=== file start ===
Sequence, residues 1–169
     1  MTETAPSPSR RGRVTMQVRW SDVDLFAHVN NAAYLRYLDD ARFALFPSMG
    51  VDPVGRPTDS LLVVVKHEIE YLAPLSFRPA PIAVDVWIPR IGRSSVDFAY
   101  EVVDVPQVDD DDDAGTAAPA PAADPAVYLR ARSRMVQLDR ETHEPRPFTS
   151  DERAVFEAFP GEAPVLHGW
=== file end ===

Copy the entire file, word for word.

Sequence, residues 1–169
     1  MTETAPSPSR RGRVTMQVRW SDVDLFAHVN NAAYLRYLDD ARFALFPSMG
    51  VDPVGRPTDS LLVVVKHEIE YLAPLSFRPA PIAVDVWIPR IGRSSVDFAY
   101  EVVDVPQVDD DDDAGTAAPA PAADPAVYLR ARSRMVQLDR ETHEPRPFTS
   151  DERAVFEAFP GEAPVLHGW